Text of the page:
Concurring in the Court’s judgment but dissenting from its interpretation of the CWA, Kavanaugh (joined by the three pragmatic Justices) relied on the 1977 CWA Amendments that explicitly codified “adjacent” wetlands within the CWA’s ambit,
an interpretation EPA and Congress have followed for the last generation.
Concurring in the Court’s opinion, Thomas ( joined by Gorsuch) would have narrowed the CWA to cover only “navigable waters” as that term was understood in 1789 (and assertedly codified in the Commerce Clause, which is the basis for congressional clean water regulation).
Statutory precedent in Glacier Northwest, Inc. v. International Brotherhood of Teamsters Local Union No. 174.
— An 8-1 Court ruled that the National Labor Relations Act of 1935 (NLRA) did not preempt a state court lawsuit charging that union members destroyed the employer’s property in the course of a labor dispute.
Writing for Roberts, Kavanaugh, as well as pragmatist Justices Sonia Sotomayor and Elena Kagan, Barrett’s majority opinion applied longstanding precedent requiring the employer to show that the aggrieved conduct did not even “arguably” fall within the NRLA’s ambit (a test the employer met).
Concurring only in the judgment, Thomas ( joined by Gorsuch) argued that the longstanding precedent should be overruled because it was “strange” in light of the Court’s federalism jurisprudence.
Reconciling statutes in Turkiye Halk Bankasi A.S. v. United States.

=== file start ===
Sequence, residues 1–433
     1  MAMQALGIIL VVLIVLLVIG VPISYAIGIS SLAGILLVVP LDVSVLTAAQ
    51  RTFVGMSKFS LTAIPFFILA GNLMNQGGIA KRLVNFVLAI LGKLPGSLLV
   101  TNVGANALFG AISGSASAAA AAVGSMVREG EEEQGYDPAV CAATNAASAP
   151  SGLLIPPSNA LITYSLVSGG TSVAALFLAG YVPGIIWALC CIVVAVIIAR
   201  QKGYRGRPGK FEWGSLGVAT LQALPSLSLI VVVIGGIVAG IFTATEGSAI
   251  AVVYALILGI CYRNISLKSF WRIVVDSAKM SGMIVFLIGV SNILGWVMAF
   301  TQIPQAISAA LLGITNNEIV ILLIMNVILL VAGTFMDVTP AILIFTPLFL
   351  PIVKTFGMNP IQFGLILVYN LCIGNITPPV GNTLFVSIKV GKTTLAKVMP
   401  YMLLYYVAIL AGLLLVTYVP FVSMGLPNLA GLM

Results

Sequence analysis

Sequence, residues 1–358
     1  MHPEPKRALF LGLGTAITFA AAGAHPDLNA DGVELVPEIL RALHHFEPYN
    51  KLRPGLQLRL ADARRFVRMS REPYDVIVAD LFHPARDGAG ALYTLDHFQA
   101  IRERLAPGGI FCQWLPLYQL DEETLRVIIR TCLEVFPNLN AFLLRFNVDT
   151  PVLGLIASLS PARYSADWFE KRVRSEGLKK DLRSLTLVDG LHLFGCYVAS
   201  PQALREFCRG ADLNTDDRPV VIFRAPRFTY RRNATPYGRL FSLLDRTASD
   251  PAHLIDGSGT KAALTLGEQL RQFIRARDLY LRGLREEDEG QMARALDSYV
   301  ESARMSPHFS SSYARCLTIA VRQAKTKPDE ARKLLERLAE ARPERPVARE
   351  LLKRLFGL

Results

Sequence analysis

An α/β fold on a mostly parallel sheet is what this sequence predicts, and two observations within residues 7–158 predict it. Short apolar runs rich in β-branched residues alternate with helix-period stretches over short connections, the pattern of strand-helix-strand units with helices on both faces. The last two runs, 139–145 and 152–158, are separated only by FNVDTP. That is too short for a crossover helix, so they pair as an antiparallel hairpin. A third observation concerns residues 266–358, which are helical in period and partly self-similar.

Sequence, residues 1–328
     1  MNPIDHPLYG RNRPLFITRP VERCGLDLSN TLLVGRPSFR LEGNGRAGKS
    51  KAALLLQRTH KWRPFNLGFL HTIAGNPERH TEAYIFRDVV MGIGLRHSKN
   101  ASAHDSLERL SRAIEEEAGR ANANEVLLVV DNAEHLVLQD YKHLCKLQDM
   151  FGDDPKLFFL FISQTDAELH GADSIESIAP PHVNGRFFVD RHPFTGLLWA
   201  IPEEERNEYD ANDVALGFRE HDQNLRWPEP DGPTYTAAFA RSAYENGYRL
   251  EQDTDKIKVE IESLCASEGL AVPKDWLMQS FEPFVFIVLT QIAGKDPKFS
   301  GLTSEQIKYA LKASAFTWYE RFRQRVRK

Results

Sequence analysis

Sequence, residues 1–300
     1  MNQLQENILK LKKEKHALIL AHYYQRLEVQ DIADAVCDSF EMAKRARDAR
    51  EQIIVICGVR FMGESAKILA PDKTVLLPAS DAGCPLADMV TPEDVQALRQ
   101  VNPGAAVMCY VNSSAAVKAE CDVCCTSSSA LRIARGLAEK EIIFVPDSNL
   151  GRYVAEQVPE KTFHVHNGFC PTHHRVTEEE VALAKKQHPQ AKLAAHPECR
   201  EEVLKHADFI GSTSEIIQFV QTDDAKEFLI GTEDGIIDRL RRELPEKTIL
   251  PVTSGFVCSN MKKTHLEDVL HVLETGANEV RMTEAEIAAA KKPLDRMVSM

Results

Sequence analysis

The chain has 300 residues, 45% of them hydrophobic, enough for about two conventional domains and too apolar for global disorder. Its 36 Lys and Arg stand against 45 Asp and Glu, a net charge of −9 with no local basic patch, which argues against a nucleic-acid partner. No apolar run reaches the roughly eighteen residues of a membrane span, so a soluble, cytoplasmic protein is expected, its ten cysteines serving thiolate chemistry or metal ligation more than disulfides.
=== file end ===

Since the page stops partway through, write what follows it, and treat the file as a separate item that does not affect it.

— Federal courts have jurisdiction to hear criminal charges against foreign states and their instrumentalities.
Joined by Roberts, Thomas, Barrett, and the three pragmatists, Kavanaugh’s opinion for the Court held that the limitations in the Foreign Sovereign Immunities Act of 1976 (FSIA) did not apply to such criminal prosecutions.
In dissent, Gorsuch ( joined by Alito) argued that the FSIA’s foreign sovereign immunity defense applied in criminal as well as civil cases.
Choosing among textual canons in Bittner v. United States.
— The Bank Secrecy Act requires Americans with certain financial interests in foreign accounts to keep records and file reports.
Section 5321 authorizes the Treasury Secretary to impose a civil penalty of up to $10,000 for “any violation” of the statutory requirements.
Writing for Roberts, Alito, Kavanaugh, and Jackson, Gorsuch employed textual canons in interpreting the penalty to apply to every false report filed and not to every false account contained in the filed reports.